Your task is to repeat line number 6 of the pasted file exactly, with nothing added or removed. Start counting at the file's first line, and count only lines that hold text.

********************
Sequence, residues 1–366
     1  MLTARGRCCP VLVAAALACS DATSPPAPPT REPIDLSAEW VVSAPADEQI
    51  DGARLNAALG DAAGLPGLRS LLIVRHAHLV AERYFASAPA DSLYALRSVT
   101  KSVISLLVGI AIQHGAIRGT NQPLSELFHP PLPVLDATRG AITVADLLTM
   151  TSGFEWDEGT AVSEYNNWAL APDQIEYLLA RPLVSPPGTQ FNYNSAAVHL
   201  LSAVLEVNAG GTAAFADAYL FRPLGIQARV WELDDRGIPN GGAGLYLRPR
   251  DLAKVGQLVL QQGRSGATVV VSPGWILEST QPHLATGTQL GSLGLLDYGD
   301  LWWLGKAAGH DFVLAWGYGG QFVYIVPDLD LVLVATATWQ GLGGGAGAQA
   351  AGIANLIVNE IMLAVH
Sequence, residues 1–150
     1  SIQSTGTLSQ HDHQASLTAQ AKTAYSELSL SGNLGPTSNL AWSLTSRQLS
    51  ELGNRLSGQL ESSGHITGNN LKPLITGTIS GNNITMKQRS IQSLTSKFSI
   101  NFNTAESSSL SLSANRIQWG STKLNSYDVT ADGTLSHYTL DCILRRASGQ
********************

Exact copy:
   201  LSAVLEVNAG GTAAFADAYL FRPLGIQARV WELDDRGIPN GGAGLYLRPR